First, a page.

Xiomara De Oliver: Scarlets in Ghent
The clashes between the factions and subfactions of our aesthetic tribes are as unrelenting as conflict between the Protestants and Catholics in Northern Ireland, or closer to home, the Bloods and Crips on the streets of East New York. Of course in art warfare, no one gets shot or bludgeoned, casualties are just sidetracked careers and malicious critical indifference. The schism between abstract and figurative painting is a ready example. Phillip Guston was a heretical convert who influenced a generation of artists to reconsider the potentials of figurative painting. Now, nearly a quarter century after Guston’s death, there are still bastions of the “art world” hierarchy holding on to the notion that “American type painting” means some derivation of Abstract Expressionism. Happily, at the much ’dissed Working in Brooklyn exhibition at the Brooklyn Museum, the curators avoidance of any stylistic or thematic overview led me to discover “Parlor” (2002), a quirky large black painting with female forms and odd notations by Xiomara De Oliver, which pulled me in with it’s uneasy balance of abstract and figurative ingredients—like the bitterness of strong black coffee, it need not be sweet to deliver its jolt. It was to my eye, one of the standouts of that motley show.
Scarlets in Ghent, at RARE Gallery, presents six large paintings by De Oliver, which although not without minor disappointments, confirm my initial interest in her work. The title piece pictures two large dark female nudes, one frontal, the other depicted from the rear, apparently reaching for strawberries. Other smaller figures scattered across the composition also seem to be picking or gathering the fruit. Large fuzzy blocks of pastel color establish the ground, while a black arch that could be the edge of the world secures the top of the canvas. Without the figures, “Scarlets in Ghent” could pass for a Rothko-esque color field work. De Oliver tilts the plane of the ground, and brings the horizon flush with the top of the painting, the placement of bodies, their flattened and primitively accentuated curves taking on a naïve almost petroglyphic quality. Written vignettes like “I Give Freely” and “driver food by the barrel” add a diaristic component that implies an indecipherable code of personal reference. Parallel contemporary practices run the gamut from the eccentric genre works of Tomas Trosch via Florine Stettheimer, to Nicholas Africano, Kathy Bradford, Chuck Yuen, and of course Robert Colescott. However De Oliver is mining a unique vein informed by identity politics and feminist philosophy, and the work denies easy classification as either abstract or photo-derived realism. She is instead performing something that Camus might have termed “cultivating harmless eccentricities.”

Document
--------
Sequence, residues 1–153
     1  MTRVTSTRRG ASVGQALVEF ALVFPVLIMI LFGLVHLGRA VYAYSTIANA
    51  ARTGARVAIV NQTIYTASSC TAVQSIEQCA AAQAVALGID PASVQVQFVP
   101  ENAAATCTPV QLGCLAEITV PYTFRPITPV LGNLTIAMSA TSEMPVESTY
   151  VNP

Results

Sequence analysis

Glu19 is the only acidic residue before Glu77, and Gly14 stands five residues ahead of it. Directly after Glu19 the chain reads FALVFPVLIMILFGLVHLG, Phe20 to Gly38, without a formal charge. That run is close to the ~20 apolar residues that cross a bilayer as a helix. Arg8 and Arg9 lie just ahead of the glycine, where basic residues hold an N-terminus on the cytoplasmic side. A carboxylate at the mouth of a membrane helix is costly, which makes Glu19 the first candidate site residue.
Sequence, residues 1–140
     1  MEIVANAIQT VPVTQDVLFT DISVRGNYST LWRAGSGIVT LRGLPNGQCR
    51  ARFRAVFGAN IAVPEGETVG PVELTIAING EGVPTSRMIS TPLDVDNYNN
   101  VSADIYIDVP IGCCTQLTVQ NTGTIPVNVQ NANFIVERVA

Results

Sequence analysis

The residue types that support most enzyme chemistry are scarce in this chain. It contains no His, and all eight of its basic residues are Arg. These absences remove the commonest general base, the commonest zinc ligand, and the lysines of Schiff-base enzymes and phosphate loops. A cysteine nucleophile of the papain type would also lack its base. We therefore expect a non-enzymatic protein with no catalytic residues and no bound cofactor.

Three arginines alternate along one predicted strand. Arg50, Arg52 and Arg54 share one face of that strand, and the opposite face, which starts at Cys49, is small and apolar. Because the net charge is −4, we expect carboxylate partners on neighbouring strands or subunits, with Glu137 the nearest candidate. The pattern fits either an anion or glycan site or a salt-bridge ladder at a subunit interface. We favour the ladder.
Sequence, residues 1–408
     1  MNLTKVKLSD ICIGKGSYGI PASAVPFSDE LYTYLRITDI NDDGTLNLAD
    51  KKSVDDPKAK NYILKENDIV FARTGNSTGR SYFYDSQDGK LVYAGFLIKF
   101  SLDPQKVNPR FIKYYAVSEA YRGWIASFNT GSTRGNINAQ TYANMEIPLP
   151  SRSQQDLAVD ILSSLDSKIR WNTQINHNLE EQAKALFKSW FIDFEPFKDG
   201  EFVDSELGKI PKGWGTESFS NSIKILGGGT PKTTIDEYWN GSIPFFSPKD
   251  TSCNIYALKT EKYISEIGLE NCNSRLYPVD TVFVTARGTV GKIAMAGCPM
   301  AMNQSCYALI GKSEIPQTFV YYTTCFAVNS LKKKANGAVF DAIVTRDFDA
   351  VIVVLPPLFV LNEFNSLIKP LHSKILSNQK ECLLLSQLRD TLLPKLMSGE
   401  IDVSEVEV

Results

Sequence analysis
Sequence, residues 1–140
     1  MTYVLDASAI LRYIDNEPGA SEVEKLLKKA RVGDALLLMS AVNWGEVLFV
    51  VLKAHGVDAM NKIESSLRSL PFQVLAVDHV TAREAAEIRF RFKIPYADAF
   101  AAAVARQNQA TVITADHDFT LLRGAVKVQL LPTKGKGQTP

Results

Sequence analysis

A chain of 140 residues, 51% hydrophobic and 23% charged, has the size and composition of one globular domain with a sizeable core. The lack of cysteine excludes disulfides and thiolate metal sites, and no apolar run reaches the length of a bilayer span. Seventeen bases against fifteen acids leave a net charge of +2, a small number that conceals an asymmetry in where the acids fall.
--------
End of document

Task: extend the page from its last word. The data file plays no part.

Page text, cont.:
“Queen Me” (2004) is an interior with a purported self-portrait. The floor is a deep yellow wash, the queen is a larger, lighter and more realistically rendered form, posed in an unnatural squat, with one foot on a red hassock. She is attended by several pairs of smaller, darker, flatter “courtiers.” An idealized portrait in lighter tones, echoing her profile, decorates the rear wall. Questions of status and class related to the relative shade and scale of the figures provoke uncomfortable associations with modern culture’s perceptions of “women of color.”
Perhaps the most satisfying picture for me was “Theories I Have About a Good Life” (2004). A thick red band divides the canvas horizontally. A woman in a turquoise dress on the left is surrounded by a group of seated monkeys. A black field in the upper right corner contains drawings of dogs that are as artless and direct as a child’s sketch on a blackboard. Other figures float around the composition and vary from black figures with yellow hair to mocha with curly brown manes. Written scripts include “theories are not like cherry pie” and “break the clutch right out of a ’64 Mustang.” In some paintings, when there is a profusion of tiny figures without larger contrasting shapes acting as a compositional vector, the picture tends to slip into an easy “cuteness.” Nonetheless, with this wide repertoire of devices at her disposal, De Oliver has plenty of material to conjure with and undoubtedly keep us questioning.
JAMES KALM has written extensively on the Brooklyn art scene. In 2006 he began posting video reviews of local art exhibitions at his two YouTube channels that have generated over six million views.
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